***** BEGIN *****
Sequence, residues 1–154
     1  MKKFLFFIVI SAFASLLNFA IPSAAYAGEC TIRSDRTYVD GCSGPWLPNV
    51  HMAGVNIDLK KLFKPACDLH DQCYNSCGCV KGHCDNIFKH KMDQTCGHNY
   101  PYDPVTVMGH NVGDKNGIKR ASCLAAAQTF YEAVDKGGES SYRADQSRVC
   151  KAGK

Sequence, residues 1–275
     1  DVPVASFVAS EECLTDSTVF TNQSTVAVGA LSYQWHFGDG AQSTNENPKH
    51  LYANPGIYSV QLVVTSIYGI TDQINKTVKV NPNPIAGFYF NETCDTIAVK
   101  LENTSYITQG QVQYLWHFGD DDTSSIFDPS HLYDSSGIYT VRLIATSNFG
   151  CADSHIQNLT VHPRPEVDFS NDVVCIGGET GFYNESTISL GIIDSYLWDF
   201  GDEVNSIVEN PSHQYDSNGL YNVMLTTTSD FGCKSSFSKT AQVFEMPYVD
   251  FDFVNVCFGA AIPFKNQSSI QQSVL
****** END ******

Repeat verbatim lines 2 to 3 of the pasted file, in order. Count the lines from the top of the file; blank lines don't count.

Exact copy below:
     1  MKKFLFFIVI SAFASLLNFA IPSAAYAGEC TIRSDRTYVD GCSGPWLPNV
    51  HMAGVNIDLK KLFKPACDLH DQCYNSCGCV KGHCDNIFKH KMDQTCGHNY